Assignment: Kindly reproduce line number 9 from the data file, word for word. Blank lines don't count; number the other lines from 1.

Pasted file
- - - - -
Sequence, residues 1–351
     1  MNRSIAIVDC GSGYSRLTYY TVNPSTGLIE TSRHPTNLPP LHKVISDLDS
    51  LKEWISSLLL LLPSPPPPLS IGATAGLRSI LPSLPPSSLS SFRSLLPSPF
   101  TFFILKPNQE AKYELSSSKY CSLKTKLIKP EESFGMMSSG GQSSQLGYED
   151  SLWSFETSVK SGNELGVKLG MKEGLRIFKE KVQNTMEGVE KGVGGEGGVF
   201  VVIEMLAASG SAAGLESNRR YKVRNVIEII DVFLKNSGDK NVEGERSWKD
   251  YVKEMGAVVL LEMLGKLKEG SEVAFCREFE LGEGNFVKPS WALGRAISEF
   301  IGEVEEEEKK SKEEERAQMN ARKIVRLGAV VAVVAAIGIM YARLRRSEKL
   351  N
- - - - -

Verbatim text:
   351  N